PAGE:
Waking up in the middle of the night is inevitable, and it’s tough to not want to look at the time when you do. But according to Rothstein, there are a few reasons why checking the clock is harmful: The bright lights will make it difficult to fall back asleep, you’ll worry about how many hours of sleep you have left, and if your phone is nearby, any notifications can cause additional anxiety. Trying to fall back asleep when you’ve woken up before your alarm is better than trying to pass the time awake.
IN THE MORNING
- Set (and follow!) a consistent wake-up time.
Prioritize getting a good night’s sleep by setting (and sticking to) a regular bedtime. In the same way, developing a consistent wake-up time will help you avoid burning the midnight oil or struggling through bleary-eyed mornings. If one of your goals is to start working out in the morning before heading into the office? According to Rothstein, ease into the new wake-up time by setting the alarm back 15 minutes each week until you’re used to it. This way, the transition will be smoother and you won’t have to deprive yourself of sleep.
- Avoid technology for 10 to 15 minutes after waking up.
This morning tip is similar to Rothstein’s no-tech-before-bed rule: In the first 10 to 15 minutes after you’ve woken up, try not to use any technology. According to Rothstein, it’s important that you take some time for yourself before connecting with anyone else. And if you’re struggling with what to do during those few minutes, look at tips 9–12 for some easy (and energizing!) ideas.
- Open the curtains and let in some natural light.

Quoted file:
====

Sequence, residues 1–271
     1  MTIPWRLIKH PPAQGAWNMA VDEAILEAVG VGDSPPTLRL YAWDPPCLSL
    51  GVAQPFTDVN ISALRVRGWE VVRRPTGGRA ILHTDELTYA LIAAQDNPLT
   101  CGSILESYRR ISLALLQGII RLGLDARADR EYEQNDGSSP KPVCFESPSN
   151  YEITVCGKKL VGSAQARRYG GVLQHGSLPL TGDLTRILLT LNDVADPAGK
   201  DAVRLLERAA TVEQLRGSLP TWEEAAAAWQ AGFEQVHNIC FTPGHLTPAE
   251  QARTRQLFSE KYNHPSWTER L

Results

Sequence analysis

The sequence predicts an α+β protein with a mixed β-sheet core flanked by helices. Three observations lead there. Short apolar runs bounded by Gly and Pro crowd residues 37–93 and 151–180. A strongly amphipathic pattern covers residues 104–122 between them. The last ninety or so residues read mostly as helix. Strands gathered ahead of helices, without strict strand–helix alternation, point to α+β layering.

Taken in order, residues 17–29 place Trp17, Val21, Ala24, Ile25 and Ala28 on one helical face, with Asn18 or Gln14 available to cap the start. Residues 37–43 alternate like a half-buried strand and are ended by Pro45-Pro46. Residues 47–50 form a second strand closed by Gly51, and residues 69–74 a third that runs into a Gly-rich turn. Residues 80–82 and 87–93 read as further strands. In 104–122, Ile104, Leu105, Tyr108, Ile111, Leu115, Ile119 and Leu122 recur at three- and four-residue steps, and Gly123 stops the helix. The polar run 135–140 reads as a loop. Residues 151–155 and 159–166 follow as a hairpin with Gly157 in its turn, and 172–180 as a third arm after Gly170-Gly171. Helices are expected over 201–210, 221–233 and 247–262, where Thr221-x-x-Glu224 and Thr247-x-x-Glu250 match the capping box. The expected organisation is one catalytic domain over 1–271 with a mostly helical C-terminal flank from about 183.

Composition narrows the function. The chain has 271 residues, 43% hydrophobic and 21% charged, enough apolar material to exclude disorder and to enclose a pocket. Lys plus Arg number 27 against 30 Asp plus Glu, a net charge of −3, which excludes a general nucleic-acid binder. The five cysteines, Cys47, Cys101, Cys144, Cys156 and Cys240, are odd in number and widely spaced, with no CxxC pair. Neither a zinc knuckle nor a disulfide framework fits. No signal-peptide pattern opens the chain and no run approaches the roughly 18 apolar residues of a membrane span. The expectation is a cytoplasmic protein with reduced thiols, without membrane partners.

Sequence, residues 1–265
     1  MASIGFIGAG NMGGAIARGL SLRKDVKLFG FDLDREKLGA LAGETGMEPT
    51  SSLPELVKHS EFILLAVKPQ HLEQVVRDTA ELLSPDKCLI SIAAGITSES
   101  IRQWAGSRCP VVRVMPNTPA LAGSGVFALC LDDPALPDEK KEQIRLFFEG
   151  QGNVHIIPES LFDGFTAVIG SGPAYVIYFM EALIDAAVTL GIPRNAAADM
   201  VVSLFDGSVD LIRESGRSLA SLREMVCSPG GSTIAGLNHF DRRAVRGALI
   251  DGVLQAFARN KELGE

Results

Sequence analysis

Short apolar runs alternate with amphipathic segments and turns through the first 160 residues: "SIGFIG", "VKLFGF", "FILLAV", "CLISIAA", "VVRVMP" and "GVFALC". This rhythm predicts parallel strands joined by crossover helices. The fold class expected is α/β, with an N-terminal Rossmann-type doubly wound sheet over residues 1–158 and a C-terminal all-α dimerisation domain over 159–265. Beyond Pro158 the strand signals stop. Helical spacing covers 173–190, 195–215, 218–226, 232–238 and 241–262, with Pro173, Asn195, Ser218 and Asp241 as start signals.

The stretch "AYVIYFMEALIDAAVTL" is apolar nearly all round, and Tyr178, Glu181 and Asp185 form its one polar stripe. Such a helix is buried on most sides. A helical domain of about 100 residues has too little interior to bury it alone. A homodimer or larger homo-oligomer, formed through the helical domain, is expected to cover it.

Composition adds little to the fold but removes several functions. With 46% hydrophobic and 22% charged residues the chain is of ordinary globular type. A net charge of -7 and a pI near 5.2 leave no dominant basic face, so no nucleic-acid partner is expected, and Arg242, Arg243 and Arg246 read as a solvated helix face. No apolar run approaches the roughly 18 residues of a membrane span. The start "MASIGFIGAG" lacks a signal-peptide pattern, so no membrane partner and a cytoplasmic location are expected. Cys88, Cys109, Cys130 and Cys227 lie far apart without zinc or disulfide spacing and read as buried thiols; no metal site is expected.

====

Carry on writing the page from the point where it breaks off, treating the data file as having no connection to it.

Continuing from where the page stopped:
Rothstein says that nothing is quite as invigorating in the morning as some good ol’ sunshine. So, open your curtains, pull up those shades, and soak some in. Exposing yourself to natural light right after you wake up sets your body up to be energized for the day ahead.
- Get up and stretch.
Because starting your day by stretching or doing some yoga helps you focus on relaxing and deep breathing, Rothstein says it’s a great way to ease into the motion of the day. Plus, it only takes a few moments to get out of bed and do some simple stretches or yoga poses. Focusing on your giant to-do list first thing in the morning can wait! (Your literal right foot will thank you.)
- Make your bed.
Making your bed in the morning might not be something you give a second thought to, but it’s actually a great way to wake yourself up and set the tone for a productive day, according to Rothstein. When you make your bed, you’re starting your day by accomplishing a task—and making a clear division between day and night. An unmade bed can tempt you back into bed before the day has even begun, but a made bed will motivate you to move on with your day Plus, who doesn’t love coming home to find their beds beautifully made at the end of long days?
- Set goals for the day.
Before you start your day, Rothstein suggests sitting on the edge of your bed and setting three goals for yourself. They can be small, but they should energize and challenge you a little bit. Having these set goals will give your day purpose and make waking up easier.
[Related: 7 Easy Ways to Become a Morning Person]